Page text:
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Research Papers

Experimental Validation of Graph-Based Hierarchical Control for Thermal Management

[+] Author and Article Information
Herschel C. Pangborn

Mechanical Science and Engineering
Department,
University of Illinois at Urbana-Champaign,
Urbana, IL 61801
e-mail: pangbor2@illinois.edu

Justin P. Koeln

Department of Mechanical Engineering,
University of Texas at Dallas,
Richardson, TX 75080
e-mail: justin.koeln@utdallas.edu

Matthew A. Williams

Northrop Grumman Corporation,
Falls Church, VA 22042
e-mail: matt.a.williams@ngc.com

Andrew G. Alleyne

Mechanical Science and Engineering
Department,
University of Illinois at Urbana-Champaign,
Urbana, IL 61801
e-mail: alleyne@illinois.edu

1Corresponding author.

Contributed by the Dynamic Systems Division of ASME for publication in the JOURNAL OF DYNAMIC SYSTEMS, MEASUREMENT,AND CONTROL. Manuscript received September 11, 2017; final manuscript received May 1, 2018; published online June 4, 2018. Assoc. Editor: Mahdi Shahbakhti.

J. Dyn. Sys., Meas., Control 140(10), 101016 (Jun 04, 2018) (17 pages) Paper No: DS-17-1458; doi: 10.1115/1.4040211 History: Received September 11, 2017; Revised May 01, 2018

This paper proposes and experimentally validates a hierarchical control framework for fluid flow systems performing thermal management in mobile energy platforms. A graph-based modeling approach derived from the conservation of mass and energy inherently captures coupling within and between physical domains. Hydrodynamic and thermodynamic graph-based models are experimentally validated on a thermal-fluid testbed. A scalable hierarchical control framework using the graph-based models with model predictive control (MPC) is proposed to manage the multidomain and multi-timescale dynamics of thermal management systems. The proposed hierarchical control framework is compared to decentralized and centralized benchmark controllers and found to maintain temperature bounds better while using less electrical energy for actuation.

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Figures

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Fig. 1

Notional graph example to demonstrate key features of the modeling framework

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Fig. 3

Interconnection between a hydraulic graph (middle) and a thermal graph (top), with pump dynamics (bottom) affecting the hydraulic graph and hydrodynamics affecting the thermal graph

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Fig. 2

Hydraulic and thermal graphs for individual fluid-thermal component models

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Fig. 4

Example thermal-fluid testbed configuration for experimental validation

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Fig. 5

Schematic of example testbed configuration

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Fig. 6

Hydraulic graph for example testbed configuration

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Fig. 7

Thermal graph for example testbed configuration

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Fig. 8

Inputs and disturbances used for model validation

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Fig. 9

Selected signals for validation of experimental data with nonlinear and linear graph-based models: (a) hydraulic signals and (b) thermal signals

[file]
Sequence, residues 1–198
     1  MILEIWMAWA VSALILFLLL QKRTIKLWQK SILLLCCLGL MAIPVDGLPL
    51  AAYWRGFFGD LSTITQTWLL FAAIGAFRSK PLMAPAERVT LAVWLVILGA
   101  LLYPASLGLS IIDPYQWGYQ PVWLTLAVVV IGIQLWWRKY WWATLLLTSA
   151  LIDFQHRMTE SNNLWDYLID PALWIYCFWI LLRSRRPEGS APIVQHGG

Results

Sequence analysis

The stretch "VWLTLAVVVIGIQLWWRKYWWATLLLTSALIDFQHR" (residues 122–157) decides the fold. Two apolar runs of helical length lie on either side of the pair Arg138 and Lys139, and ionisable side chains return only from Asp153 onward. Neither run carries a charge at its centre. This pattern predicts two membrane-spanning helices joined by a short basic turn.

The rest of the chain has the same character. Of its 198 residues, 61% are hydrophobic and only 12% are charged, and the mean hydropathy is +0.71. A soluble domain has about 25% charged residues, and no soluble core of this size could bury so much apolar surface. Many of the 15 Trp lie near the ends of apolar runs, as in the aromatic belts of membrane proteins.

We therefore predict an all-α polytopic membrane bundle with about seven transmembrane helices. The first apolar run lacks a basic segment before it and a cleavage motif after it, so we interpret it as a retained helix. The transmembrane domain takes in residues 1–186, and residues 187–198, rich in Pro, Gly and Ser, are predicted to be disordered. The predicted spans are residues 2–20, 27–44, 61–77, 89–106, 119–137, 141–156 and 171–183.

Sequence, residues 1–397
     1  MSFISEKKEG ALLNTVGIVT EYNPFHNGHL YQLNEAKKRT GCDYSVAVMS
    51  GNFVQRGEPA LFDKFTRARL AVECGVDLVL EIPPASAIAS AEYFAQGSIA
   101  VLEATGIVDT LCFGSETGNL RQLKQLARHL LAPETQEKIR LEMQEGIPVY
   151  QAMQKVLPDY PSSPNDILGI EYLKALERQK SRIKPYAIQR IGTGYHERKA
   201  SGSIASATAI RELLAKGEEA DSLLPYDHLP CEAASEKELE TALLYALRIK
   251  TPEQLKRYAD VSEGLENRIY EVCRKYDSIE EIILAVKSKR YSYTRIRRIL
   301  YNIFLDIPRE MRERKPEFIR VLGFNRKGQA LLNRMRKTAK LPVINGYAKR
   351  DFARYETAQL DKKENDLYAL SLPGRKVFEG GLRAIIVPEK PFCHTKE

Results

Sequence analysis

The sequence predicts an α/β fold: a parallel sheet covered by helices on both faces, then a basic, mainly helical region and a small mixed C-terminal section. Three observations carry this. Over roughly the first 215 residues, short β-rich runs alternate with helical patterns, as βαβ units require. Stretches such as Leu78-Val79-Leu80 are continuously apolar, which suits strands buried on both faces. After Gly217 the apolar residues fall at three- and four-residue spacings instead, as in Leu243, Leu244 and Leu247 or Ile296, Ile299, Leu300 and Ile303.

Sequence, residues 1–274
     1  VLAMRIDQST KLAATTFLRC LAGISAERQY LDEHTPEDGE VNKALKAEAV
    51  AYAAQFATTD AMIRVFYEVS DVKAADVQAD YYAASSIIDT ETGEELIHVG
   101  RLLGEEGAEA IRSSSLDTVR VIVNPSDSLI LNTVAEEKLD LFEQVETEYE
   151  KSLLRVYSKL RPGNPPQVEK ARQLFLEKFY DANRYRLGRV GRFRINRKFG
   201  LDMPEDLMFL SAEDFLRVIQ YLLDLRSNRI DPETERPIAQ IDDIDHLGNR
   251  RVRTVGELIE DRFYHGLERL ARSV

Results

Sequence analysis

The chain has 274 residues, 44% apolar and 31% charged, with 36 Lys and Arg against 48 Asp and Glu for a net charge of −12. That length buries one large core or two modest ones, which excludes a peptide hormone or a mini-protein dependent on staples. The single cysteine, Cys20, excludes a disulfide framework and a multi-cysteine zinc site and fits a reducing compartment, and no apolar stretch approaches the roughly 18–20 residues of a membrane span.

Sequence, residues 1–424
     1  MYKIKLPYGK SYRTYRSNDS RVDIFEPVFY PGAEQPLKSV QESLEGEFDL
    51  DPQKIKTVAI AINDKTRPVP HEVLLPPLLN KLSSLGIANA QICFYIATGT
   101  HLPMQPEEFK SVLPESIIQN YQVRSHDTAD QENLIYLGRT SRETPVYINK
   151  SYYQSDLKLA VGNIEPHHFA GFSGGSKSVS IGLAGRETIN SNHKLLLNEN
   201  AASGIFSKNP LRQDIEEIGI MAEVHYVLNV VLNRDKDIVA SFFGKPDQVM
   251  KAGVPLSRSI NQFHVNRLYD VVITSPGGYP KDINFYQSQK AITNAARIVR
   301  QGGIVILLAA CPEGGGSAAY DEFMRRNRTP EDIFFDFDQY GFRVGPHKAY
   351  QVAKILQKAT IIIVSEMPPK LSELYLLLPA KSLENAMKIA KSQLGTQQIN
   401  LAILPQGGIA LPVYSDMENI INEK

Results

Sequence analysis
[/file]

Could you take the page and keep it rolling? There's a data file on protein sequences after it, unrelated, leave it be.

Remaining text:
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Fig. 10

Closer view of several signals from Fig. 9. All experimental traces show the envelope between the maximum and minimum values measured at each time among five experimental trials.

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Fig. 11

Four layer hierarchical control framework for the testbed configuration

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Fig. 13

Centralized benchmark controller framework

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Fig. 12

Decentralized benchmark controller framework

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Fig. 14

Heat load disturbance profile for closed-loop experiments

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Fig. 19

Comparison of total pump energy consumption for hierarchical and baseline controllers

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Fig. 17

Hierarchical MPC controller in experiment: (a) pump commands and (b) cold plate temperatures

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Fig. 18

Comparison of constraint violations for hierarchical and baseline controllers: (a) total temperature violations and (b) peak cold plate wall temperature violations

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Fig. 16

Centralized MPC controller in experiment: (a) pump commands and (b) cold plate temperatures

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Fig. 15

Decentralized PI controller in experiment: (a) pump commands and (b) cold plate temperatures

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Fig. 21

Infrared image of CP 1 and reservoir 1 from example testbed configuration in Fig. 4

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Fig. 20

Individual components as labeled in Table 4 with a 6″ ruler for scale. A fluid temperature sensor is pictured in (g).

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Fig. 22

Hydraulic coupling in pumps 3 and 4: (a) envelope of mass flow rates above 0.03 kg/s and (b) pump commands generating mass flow rates in Fig. 22(a)

Tables

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